TikTok has become a platform where working people go in search of career guidance – at least in the United States. While this use may seem marginal, some young people are putting the career advice they find on the social network into practice in real life.
These are the findings of a survey conducted by the job website ResumeBuilder of 1,000 full-time American workers aged between 21 and 40. Half of all respondents search TikTok more or less frequently for career advice.
However, members of Generation Z are more inclined than millennials to use the platform as an online resource for the world of work.
This finding is not entirely surprising, given that the platform is packed with videos addressing professional issues. Internet users can find tips on how to negotiate their salary, ask for a promotion, manage relations with their superiors, or speak up for their rights.
This advice, however, is usually not delivered not by a company’s representatives or union delegates but by a handful of so-called specialised influencers. Some are followed by thousands or even millions of users on the platform.
While some of these influencers work in human resources or recruitment, others draw on their own professional experience as a basis for their posts. But that doesn’t stop young people from taking their opinions seriously: two-thirds of those surveyed say they are trusting or somewhat trusting of the career advice they find on TikTok.
In fact, 21% say they have put this advice into practice since joining the workforce.
The rise of ‘workfluencers’
Once again, the latest entrants to the job market are more likely to trust the information they come across on TikTok than their older counterparts. Four in 10 Gen Z-ers have made career decisions based on videos they’ve seen on the app, compared with 31% of younger millennials.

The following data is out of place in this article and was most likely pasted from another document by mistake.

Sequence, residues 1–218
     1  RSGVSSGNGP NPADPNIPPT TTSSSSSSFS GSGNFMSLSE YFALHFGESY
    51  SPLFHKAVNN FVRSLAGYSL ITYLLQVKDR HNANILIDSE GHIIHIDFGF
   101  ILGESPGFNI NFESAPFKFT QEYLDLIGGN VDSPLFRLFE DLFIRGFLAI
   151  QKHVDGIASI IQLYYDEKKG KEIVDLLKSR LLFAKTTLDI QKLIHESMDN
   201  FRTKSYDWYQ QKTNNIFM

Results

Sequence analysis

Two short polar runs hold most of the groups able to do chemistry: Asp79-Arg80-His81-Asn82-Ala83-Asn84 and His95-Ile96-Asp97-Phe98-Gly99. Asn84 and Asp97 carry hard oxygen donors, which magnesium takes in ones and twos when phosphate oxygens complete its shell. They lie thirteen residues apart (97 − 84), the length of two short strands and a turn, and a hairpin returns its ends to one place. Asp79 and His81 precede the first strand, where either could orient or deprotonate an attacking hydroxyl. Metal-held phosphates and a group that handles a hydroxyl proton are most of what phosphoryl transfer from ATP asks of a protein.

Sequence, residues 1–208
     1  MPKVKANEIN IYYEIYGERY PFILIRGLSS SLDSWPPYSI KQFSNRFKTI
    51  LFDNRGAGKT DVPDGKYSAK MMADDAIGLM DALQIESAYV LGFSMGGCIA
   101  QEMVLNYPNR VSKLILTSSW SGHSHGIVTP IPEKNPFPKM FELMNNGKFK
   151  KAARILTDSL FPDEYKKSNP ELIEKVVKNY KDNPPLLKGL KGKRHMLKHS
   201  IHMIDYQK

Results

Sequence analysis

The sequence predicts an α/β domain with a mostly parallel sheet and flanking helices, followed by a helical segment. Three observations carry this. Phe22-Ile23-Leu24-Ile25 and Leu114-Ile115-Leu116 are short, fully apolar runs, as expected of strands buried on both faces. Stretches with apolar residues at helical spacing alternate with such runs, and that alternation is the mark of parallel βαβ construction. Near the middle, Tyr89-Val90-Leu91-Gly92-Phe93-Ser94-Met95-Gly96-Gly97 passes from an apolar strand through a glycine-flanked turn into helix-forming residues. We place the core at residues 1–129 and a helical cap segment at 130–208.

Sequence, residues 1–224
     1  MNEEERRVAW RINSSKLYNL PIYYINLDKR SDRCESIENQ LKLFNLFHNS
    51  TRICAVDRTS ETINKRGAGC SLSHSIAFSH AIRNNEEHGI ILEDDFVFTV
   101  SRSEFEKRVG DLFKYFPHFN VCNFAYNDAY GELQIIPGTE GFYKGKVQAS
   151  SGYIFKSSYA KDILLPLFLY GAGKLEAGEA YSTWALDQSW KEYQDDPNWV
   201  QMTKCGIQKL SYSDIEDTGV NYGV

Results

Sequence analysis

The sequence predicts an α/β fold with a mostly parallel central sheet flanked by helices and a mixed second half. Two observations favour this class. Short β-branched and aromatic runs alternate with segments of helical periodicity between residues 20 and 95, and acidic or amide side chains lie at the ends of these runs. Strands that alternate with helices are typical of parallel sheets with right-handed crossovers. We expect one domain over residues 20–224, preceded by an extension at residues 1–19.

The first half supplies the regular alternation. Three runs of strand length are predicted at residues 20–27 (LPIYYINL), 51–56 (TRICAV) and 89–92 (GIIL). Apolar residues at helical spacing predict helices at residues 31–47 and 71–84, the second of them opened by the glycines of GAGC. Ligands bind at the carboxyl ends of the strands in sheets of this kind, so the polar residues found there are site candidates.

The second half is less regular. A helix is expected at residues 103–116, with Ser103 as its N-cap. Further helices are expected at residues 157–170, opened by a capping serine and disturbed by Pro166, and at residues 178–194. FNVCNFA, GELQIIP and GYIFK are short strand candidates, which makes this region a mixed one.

On the whole, young professionals seem satisfied with the work-related posts they view on the social network, and the vast majority (88%) even say these have had a positive impact on their lives. Only 2% say they have been detrimental.
As such, it’s hardly surprising that a small proportion of those surveyed (11%) occasionally pay for the services of “workfluencers” or work-focused influencers, sometimes spending hundreds of dollars to benefit from individual coaching sessions or online training.
While it’s tempting to see TikTok as a source brimming with infallible tips on the professional world, caution is the watchword when it comes to this content.
“There can be great advice on TikTok if you understand who is providing the information,” ResumeBuilder said. “Research the background of creators. Although some are really good at marketing or repackaging advice they saw from experienced professionals, it doesn’t mean they themselves have the background or experience.”